- Category: Movie Reviews
- Written by Gilbert Seah
Toronto International Film Festival is over. Opening are KINGSMEN 2, STRONGER, VICTORIA AND ABDUL among others.
This reviewer is curently in Iceland and then the U.K. for a short break.
BATTLE OF THE SEXES (USA 2017)**
Directed by Valerie Farris and Jonathan Dayton
BATTLE OF THE SEXES begins with Billie Jean King (Emma Stone) just winning the women's singles tennis championship making her number one female player in the world. King is outraged with the inequality of pay by the National Tennis League, especially with Jack, the chairman (Bill Pullman), who is shown to be the real villain of the story.
Bobby Riggs (Steve Carell), arranges the battle of the sexes match, using his loud mouth and publicity to earn himself some cash to aid his failing marriage. To King, winning this match is more symbolic. It is a milestone for women’s rights for equal pay, a point that is mentioned at the film’s end credits but not made clear throughout the film.
The lazy script by Simon Beaufoy (SLUMDOG MILLIONAIRE) never bothers with important details of the story. How, for example did King’s husband Larry, learn of his wife’s sexuality. In the film, King tells her hairdresser lover that this is her first time with women, but apparently the husband knows King has has same sex relationships before.
The film overdramatizes to the point of laughter. One scene has Billie’s lover in her hair salon shop hearing the news of Billie, realizing that she is needed and dramatically drops everything to leave the salon.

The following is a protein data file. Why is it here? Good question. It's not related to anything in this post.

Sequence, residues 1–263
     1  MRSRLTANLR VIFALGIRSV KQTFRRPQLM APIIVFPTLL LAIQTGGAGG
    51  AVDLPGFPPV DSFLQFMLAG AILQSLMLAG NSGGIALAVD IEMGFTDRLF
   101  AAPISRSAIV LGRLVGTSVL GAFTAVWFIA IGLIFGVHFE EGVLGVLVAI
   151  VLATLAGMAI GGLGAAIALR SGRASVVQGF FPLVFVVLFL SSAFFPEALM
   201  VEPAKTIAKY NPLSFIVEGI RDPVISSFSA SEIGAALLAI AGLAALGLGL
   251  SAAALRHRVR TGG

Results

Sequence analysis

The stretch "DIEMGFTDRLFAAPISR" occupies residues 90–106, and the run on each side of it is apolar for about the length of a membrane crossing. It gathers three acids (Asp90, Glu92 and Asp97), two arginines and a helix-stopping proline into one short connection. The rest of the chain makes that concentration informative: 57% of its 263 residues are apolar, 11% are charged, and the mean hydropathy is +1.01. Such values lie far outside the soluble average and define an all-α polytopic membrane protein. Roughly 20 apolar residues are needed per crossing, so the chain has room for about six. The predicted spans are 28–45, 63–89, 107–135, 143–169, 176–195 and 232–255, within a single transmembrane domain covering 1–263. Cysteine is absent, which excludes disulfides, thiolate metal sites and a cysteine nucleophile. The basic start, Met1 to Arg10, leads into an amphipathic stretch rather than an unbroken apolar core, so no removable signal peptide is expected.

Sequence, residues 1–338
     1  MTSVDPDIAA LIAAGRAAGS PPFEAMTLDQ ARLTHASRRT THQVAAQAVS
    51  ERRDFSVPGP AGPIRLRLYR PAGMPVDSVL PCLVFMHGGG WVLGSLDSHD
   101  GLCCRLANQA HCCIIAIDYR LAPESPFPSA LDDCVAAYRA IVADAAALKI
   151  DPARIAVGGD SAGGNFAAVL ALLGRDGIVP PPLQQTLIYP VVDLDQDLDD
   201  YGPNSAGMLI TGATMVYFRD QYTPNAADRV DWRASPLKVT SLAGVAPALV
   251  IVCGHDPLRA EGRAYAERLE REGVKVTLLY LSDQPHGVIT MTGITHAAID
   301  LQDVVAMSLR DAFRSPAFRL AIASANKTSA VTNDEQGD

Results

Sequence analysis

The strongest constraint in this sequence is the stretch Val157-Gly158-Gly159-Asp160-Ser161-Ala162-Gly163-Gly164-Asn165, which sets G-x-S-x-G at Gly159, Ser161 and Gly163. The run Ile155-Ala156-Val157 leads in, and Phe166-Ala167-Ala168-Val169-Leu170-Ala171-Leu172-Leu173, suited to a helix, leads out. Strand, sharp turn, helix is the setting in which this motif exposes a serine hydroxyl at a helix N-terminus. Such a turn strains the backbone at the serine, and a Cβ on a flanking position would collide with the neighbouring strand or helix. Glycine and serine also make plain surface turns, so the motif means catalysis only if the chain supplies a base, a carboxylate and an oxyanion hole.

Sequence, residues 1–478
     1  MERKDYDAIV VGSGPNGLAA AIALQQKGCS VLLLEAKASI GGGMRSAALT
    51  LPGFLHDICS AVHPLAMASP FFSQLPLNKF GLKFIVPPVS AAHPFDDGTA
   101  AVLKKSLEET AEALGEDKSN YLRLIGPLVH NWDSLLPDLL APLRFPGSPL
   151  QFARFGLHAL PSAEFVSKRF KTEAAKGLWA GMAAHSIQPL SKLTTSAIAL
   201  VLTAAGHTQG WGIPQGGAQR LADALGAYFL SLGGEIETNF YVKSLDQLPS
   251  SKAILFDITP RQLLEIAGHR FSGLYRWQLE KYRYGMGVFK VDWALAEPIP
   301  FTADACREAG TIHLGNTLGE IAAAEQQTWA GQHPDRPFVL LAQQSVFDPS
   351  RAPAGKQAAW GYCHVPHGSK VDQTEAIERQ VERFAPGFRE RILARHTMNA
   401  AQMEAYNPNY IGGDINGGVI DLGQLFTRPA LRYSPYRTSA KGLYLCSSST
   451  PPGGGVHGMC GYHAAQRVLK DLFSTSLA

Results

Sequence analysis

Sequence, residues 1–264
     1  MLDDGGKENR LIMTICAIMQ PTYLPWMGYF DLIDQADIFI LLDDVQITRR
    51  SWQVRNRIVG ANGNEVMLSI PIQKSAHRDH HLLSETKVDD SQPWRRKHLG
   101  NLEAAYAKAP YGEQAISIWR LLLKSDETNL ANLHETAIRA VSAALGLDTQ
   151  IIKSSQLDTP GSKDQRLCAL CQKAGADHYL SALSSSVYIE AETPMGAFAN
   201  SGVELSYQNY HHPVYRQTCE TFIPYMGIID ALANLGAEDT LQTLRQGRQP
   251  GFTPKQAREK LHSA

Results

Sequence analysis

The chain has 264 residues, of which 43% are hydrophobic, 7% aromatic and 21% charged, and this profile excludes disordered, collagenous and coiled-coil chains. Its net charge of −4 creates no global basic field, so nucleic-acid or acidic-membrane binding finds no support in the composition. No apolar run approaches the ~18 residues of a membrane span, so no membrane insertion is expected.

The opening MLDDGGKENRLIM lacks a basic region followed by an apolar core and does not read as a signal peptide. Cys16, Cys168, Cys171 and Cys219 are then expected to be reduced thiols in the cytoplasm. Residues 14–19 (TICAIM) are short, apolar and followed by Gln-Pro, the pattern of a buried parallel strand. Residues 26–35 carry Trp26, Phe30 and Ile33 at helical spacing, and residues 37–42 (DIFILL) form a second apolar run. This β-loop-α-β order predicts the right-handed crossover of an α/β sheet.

The wardrobe of the 70’s has never looked so awful in any other film. Did we, in the 70’s really look that bad thinking we were looking so cool? Billie’s husband, Larry ‘s clothes are the worst. Perhaps that might be one reason she later left him. The hair of everyone is just as bad, including Billie’s even after a hairdo from her girlfriend.
The script contains lots of inane dialogue and unfunny jokes. One line has Larry asking his wife if she was getting a blow dry, with full sexual innuendo. The film sheds no real light on the female rights movement, except what we already know. The dialogue contains lot of cheap jokes on women like Riggs saying that he believes women should be on the tennis court, but for picking up balls. These jokes are predictable, told many times before and if they meant to offend women, they still might. Two anti-female remarks are also voiced by two stars Llyod Bridges and Ricardo Montalban shown on old TV footage,
The crucial tennis match between King and Riggs can hardly be called exciting. For one, history already dictates who had won and the audience is in for no surprise. The camera is also placed mainly in one spot, showing the overhead shot of the players. The directors appear more concerned to show the match in long takes than any thing else.
Oscar Winner Emma Stone is too skinny to look like a tennis player. Carell looks remarkably like Bobby Fisher as they are right around the same age in the story. The nude picture of Carell resembles the one taken by Riggs. The rest of the cast of Sarah Silverman, Elisabeth Shue are largely wasted by the script that are unbothered with these characters.
BATTLE OF THE SEXES ends up a boring film on an exciting sport.
BEACH RATS (USA 2017) ***
Directed by Eliza Hittman
BEACH RATS tells the story of a teenager, still living with his mother and younger sister, searching for his sexual identity. It is directed and written by film professor Eliza Hittman.